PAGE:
DISINFECTION. Disinfection is very differ ent in its action from deodorizing, previously treated of, since to properly disinfect we must absolutely destroy the poison germs, many of them of the most virulent nature. These sources of infection are generally so subtile as to be entirely unobserved by our special senses. Thus, the water of a well, limpid, sparkling, pleasant to the taste, and apparently pure, may have been contaminated with sewage, the steep ings of privies, etc., and contain deadly typhus, and other germs. Hence the care now used in guarding against this in cities, by supplying the water from the purest sources„ and ing thoroughly where infectious or contagious diseases are prevalent. The drainage of barns, stables, and the outbuildings of farm yards, find ing its way into wells, have often been prolific sources of disease on farms; so, foul cellars have been especially prolific of disease. The want of disinfection in stables has caused germs of disease to linger and spread, costing large sums of money from mortality in stock Thus the disinfection of all barns, stables, sheds, or other places where malignant disease is suspected, should receive the most careful attention. Every part should be stopped tight, and flowers of sul phur and wood tar, in the proportion of one pound of the former to two quarts of the latter, mixed with tow,and allowed to smoke thoroughly until the whole building is thick with smoke. So the hospital should be fumigated with the same, two or three times a week, but not suffi ciently to set the animals coughing. Every part of the building should also be thoroughly washed with dilute carbolic acid, and the clothing also wet with it. All discharges should be treated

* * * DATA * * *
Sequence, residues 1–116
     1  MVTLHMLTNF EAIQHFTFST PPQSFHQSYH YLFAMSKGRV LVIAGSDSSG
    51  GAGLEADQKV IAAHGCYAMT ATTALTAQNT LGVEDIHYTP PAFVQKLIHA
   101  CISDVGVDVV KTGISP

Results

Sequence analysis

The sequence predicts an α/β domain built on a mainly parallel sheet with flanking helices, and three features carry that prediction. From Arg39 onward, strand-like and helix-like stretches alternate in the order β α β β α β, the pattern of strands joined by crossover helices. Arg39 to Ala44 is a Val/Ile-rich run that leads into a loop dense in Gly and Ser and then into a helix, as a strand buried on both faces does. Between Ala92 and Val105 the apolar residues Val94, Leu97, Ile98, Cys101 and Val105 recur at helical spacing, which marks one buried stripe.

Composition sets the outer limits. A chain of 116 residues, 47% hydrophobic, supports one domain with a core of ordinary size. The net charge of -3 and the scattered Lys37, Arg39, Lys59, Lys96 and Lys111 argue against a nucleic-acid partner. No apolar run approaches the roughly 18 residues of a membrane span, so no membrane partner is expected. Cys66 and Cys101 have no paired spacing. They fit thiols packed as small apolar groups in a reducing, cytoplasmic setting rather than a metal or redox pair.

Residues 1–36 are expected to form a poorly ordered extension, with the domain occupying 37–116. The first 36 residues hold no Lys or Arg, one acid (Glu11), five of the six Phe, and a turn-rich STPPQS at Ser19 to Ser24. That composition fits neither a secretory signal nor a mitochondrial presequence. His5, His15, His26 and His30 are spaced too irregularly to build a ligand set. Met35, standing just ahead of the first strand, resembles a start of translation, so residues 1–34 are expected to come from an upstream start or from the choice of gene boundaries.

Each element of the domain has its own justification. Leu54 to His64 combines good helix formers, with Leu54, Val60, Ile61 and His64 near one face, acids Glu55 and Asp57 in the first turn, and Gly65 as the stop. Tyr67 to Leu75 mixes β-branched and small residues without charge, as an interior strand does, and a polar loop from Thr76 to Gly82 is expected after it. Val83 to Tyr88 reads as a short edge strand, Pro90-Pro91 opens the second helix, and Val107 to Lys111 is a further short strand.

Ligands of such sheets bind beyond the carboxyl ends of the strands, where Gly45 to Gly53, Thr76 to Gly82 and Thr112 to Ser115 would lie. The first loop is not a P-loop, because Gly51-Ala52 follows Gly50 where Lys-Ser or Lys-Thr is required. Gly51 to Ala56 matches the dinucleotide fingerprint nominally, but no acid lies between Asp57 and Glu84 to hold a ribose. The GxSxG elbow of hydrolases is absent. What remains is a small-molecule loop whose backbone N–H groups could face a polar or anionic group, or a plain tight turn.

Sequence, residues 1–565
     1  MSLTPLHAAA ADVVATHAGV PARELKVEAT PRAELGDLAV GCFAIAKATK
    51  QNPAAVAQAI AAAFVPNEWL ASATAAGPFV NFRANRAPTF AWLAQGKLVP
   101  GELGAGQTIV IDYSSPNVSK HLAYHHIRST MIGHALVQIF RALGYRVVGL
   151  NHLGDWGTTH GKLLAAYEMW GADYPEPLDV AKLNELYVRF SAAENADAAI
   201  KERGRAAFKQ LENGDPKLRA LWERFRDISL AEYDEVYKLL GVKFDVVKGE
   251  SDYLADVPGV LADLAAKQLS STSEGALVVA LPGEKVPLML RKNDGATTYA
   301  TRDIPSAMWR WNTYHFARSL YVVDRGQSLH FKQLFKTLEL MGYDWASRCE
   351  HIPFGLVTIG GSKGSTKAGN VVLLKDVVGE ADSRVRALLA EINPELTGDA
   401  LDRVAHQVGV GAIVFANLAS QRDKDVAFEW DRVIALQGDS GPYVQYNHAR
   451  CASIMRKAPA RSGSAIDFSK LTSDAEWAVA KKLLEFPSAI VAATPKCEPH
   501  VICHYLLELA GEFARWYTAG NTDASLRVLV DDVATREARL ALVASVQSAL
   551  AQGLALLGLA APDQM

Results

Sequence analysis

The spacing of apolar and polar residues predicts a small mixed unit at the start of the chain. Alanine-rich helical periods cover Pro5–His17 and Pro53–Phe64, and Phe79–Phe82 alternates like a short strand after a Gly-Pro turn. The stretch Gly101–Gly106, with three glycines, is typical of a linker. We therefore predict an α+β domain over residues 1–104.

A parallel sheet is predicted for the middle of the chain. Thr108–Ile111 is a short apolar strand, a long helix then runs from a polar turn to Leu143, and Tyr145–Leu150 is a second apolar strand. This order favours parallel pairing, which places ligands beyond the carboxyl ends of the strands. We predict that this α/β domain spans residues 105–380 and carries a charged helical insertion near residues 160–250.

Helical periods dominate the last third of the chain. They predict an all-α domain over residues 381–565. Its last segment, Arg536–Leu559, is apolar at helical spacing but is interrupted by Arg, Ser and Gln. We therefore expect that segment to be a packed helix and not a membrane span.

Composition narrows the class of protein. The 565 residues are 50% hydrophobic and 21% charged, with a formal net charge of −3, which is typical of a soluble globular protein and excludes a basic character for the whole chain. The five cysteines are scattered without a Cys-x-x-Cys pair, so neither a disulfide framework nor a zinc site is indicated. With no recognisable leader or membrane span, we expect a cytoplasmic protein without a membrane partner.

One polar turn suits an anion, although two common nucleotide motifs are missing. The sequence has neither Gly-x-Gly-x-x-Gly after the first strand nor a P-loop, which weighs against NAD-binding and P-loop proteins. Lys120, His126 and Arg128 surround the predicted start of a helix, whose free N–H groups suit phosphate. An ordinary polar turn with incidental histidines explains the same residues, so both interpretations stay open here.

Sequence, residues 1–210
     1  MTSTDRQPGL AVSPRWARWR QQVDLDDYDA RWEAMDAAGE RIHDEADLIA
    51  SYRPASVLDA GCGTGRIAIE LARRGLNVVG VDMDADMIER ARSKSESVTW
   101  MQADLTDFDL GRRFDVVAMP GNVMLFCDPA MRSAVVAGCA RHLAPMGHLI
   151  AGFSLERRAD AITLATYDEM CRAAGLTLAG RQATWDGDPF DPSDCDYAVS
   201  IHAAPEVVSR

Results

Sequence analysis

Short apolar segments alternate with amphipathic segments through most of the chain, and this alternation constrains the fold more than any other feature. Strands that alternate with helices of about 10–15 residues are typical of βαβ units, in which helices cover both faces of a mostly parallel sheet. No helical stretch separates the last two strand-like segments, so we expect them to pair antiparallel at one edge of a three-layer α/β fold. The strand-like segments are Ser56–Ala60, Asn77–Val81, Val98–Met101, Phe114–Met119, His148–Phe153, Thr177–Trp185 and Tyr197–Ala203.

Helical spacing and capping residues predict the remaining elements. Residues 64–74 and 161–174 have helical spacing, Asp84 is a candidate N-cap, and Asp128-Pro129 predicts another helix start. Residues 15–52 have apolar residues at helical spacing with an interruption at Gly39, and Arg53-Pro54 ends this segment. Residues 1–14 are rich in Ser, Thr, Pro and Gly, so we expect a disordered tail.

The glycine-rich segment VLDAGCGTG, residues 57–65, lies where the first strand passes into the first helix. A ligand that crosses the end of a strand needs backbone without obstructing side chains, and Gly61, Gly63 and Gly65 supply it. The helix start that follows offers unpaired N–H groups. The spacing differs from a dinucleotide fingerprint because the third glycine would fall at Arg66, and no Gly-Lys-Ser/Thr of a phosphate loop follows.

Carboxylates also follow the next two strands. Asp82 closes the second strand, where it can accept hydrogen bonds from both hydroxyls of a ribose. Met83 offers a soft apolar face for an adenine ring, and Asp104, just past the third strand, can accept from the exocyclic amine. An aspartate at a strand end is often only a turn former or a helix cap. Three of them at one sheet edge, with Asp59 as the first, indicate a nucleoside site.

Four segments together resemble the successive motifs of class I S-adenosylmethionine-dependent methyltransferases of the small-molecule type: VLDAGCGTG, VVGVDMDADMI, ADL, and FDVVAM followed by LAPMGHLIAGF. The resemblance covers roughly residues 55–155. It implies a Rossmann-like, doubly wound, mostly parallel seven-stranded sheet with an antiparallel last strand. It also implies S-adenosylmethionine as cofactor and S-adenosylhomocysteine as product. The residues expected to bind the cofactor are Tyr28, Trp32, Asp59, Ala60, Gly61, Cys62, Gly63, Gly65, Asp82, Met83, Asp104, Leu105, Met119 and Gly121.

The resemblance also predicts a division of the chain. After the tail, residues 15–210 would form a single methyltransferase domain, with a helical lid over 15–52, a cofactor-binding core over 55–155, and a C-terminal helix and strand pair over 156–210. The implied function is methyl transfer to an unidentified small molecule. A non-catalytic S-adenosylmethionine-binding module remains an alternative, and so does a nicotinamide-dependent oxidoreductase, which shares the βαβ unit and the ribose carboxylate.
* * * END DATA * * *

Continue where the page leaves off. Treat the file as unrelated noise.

with chloride of zinc, dissolved in water, in the proportion of one ounce to one or two gallons of water. The attendants taking care of animals with malignant diseases should never approach or handle the well ones. A disinfectant that has no smell and is not poisonous, known as chloralum, is made by dissolving three pounds of chloride of aluminum in two gallons of water, or in like proportions. Another cheap and powerful disinfectant, but poisonous, if taken, is made of eight ounces of chloride of zinc, sixteen ounces of sulphate of iron and one gallon of water. Dissolve and, to each pint used, add one gallon of water. Among disinfecting sub stances may be named, chlorine. This is set free by adding oil of vitriol and a little black manganese to common salt, as a disinfectant of the air, but must be used in vacated buildings, and is better if used in the full light of day. So flowers of sulphur, burned by a heat only suffi cient to produce smoke, will accomplish the same purpose and, if used carefully, it will not injure stock. A disinfectant that may be used in occupied buildings is formed by adding a little chlorate of potassa, at short intervals, to half a pint of strong muriatic acid, in a strong vessel, as a thick tumbler. if pure carbolic acid is used for sprinkling floors or washing walls, 100 parts of soft water may be added to one pint of acid. The impure Carbolic acid of gas works may be Used undiluted.